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On the second visit, with David, the focaccia was the real thing: soft and flavorful and an excellent complement to the starter du jour: slices of pillowy fresh mozzarella and roasted red peppers splashed with a sexy balsamic vinaigrette. As for that night's entrées, the veal-stuffed ravioli in a rich porcini cream sauce was excellent, and David loved the cheese ravioli, which was topped with a tomato-brandy sauce and generously dappled with fresh lobster.
Mezzaluna's Web site insists that this neighborhood bistro is a little more multicultural than it actually is. "Come enjoy the flavors of eight different countries," it boasts. "Our chef will be preparing courses from countries such as France, Spain, Italy and Germany." The menu looks pretty straight-up Italian to me, though, unless you count a Frankenstein-like culinary creation called "Acapulco pizza" made with Canadian bacon, pineapple, mushrooms and mozzarella. The alleged cuisines from those other U.N. countries were MIA on my visits. But the Italian dishes are first-rate, so why not celebrate that?
The new Mezzaluna isn't a fancy joint — the napkins are paper, and there are no tablecloths — but it's cheery and a friend of mine who lives nearby loves the place. "Every neighborhood needs an Italian restaurant," he insists.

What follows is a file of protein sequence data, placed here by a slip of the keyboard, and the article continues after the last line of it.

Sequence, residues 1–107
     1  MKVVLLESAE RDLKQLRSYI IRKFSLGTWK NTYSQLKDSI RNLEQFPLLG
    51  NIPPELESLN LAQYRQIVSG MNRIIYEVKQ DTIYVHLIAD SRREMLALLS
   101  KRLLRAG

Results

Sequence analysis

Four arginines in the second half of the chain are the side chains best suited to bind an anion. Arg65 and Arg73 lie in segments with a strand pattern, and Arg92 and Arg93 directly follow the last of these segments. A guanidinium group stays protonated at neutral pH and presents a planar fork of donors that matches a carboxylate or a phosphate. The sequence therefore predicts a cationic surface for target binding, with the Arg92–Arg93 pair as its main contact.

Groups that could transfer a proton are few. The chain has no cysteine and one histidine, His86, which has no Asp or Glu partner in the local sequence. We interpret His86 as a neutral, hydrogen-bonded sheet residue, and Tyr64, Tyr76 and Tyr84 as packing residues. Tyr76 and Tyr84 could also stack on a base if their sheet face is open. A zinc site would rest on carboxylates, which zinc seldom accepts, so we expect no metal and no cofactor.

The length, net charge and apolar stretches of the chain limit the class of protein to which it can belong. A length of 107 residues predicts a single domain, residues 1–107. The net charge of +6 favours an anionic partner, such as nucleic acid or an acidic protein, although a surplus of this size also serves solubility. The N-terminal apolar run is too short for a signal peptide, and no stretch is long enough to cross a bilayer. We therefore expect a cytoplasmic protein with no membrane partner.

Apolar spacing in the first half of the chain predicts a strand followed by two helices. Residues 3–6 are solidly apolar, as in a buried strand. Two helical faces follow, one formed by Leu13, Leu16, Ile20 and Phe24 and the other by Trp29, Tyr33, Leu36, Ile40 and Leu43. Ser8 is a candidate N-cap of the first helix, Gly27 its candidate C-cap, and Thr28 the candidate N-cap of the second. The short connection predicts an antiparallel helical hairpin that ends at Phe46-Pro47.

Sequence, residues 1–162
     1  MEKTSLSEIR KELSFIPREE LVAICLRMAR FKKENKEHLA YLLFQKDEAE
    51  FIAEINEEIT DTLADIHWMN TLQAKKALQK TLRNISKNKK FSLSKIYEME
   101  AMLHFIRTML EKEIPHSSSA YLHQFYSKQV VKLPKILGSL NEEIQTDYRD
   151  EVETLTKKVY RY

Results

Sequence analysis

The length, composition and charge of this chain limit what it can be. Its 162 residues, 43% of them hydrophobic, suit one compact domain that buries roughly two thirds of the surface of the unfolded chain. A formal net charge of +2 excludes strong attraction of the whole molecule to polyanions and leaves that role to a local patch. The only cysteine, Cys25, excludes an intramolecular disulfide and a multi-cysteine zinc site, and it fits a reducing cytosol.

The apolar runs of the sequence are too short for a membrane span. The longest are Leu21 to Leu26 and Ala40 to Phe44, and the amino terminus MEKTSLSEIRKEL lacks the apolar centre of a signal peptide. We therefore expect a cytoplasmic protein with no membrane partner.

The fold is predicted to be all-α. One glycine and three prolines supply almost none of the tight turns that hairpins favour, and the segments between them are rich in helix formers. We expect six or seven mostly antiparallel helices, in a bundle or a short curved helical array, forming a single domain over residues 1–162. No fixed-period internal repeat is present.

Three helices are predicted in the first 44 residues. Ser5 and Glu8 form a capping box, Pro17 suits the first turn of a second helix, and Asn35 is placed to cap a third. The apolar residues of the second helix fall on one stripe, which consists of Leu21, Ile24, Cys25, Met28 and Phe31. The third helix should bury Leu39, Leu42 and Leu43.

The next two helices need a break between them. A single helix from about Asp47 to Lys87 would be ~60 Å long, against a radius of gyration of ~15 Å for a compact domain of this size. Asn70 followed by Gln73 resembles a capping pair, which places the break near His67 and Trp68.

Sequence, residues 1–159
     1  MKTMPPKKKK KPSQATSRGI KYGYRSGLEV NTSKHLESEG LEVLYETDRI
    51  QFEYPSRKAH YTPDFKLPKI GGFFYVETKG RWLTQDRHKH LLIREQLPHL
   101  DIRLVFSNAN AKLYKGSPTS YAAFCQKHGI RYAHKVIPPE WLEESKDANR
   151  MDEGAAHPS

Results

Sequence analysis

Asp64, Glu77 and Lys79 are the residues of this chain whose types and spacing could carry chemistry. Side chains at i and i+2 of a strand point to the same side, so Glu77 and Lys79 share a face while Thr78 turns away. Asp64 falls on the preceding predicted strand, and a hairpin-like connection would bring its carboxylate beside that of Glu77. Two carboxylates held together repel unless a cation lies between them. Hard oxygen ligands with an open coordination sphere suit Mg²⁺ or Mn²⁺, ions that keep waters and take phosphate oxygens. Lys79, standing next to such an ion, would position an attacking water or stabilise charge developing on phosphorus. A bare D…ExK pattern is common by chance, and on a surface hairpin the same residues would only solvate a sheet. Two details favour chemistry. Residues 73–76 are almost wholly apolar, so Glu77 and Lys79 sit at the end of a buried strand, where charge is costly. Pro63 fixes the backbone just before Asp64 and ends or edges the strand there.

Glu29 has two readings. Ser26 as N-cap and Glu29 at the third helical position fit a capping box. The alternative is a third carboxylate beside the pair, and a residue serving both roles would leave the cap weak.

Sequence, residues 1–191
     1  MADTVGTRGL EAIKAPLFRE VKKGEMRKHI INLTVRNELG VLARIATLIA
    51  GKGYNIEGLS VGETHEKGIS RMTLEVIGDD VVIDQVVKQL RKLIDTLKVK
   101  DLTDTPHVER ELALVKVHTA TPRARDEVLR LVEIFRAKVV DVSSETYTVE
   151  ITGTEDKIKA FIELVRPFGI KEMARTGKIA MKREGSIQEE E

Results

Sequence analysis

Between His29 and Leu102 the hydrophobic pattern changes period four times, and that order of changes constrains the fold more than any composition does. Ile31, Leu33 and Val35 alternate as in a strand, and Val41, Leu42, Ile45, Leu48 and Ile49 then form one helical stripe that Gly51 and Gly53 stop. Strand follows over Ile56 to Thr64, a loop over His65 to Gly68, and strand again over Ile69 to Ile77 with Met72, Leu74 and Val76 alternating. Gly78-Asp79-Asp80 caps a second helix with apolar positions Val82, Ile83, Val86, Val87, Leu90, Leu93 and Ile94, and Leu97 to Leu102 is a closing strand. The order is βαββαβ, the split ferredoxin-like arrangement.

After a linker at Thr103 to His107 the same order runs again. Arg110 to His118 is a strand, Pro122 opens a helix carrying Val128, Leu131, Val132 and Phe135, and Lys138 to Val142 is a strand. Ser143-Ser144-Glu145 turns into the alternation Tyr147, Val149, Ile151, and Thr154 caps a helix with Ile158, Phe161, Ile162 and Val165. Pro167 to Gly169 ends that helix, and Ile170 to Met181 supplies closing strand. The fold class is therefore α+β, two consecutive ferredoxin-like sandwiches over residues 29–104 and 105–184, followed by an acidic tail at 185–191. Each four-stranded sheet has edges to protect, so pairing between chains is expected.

The historic hamlet of Parkville has had its neighborhood Italian place since the Great Depression, according to the menus at Frank's Italian Restaurant. It used to be called Papa Frank's and has moved a few times around Parkville's main drag, most recently to a prominent corner on Main Street. Until this month, it was operated by the popular and charismatic Frank McCall, who died on October 4 at age 49, apparently of a heart attack. He had already sold an interest in his restaurant to former Ameristar chef Ali Mahzoon, who continues to operate the cozy storefront dining room, using the McCall family recipes — creating the house sugo is still a three-day cooking process — and writing the day's specials on a small chalkboard.
It's a charming, unpretentious place, and it says volumes that the best-seller here is the Italian steak sandwich (smothered in that rich sugo), which I've tasted and really liked. Not everything on the menu is extraordinary, but it's all solid and comforting. I'd never order the calamari again (they look like savory little doughnuts), but the Mendolia sausage starter and the cheesy garlic toast were great, and I loved the "Lasagna rolls," a meatless spin on traditional lasagna with the seasoned ricotta rolled up in a sheath of pasta.
My friends, even the fussy ones, cut Frank's a lot of slack because the place is so intimate. It really does feel as though you're eating in someone's house — someone cooking in close proximity to your table. The pasta Diavola with shrimp, tossed in a punchy tomato cream sauce, is wonderfully spicy, and the eggplant dinner — though lacking visual appeal — is light, crispy and surprisingly greaseless.
It's classic small-town Italian-American cooking, and there's something rewarding about that. Not all the desserts are made in-house (the tiramisu, for example), but there usually are one or two homemade delicacies, such as last week's slice of pumpkin pie. It came sprinkled with enough powdered cinnamon to garnish about three full-sized pies, but there also was a fluffy cloud of real whipped cream. Maybe it wasn't very Italian, but as comfort food, it was pure la dolce vita, baby.